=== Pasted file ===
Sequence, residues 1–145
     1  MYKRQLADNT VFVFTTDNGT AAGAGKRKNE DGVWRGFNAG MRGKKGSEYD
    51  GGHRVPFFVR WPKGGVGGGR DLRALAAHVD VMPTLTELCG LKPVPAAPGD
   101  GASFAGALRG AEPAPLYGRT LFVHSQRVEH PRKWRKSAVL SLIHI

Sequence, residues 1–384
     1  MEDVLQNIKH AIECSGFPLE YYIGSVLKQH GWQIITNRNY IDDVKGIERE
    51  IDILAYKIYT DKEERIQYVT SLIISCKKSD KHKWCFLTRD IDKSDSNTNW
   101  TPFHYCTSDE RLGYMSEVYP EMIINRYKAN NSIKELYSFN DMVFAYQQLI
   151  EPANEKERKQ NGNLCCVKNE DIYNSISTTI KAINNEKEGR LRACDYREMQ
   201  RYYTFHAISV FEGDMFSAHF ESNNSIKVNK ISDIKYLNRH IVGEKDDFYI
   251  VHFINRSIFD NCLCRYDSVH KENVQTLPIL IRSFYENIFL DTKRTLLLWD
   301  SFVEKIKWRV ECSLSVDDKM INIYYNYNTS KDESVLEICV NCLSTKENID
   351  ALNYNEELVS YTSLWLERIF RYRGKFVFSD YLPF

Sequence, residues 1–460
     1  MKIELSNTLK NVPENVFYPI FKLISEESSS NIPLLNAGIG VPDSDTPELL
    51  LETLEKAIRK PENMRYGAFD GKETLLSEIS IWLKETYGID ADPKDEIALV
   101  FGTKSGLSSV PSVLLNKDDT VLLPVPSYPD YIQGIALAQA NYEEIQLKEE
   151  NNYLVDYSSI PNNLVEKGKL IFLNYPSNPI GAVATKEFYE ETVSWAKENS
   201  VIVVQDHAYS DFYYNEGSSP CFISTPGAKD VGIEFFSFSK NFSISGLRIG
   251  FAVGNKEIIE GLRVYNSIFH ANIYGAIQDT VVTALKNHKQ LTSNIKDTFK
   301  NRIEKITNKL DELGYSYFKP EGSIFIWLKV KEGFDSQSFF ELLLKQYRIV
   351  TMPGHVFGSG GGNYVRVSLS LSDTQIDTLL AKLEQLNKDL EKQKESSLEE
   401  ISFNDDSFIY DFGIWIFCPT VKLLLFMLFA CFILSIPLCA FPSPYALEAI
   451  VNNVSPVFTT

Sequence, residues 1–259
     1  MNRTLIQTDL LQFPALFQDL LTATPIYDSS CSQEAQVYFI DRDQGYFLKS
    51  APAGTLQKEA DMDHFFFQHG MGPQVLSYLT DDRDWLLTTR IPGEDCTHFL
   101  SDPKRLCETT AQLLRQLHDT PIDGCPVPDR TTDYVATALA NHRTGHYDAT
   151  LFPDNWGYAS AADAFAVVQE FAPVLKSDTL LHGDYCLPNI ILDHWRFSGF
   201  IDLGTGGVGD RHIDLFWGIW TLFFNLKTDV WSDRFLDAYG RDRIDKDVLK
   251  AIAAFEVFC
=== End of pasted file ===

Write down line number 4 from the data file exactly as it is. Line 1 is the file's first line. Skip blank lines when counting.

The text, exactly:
   101  GASFAGALRG AEPAPLYGRT LFVHSQRVEH PRKWRKSAVL SLIHI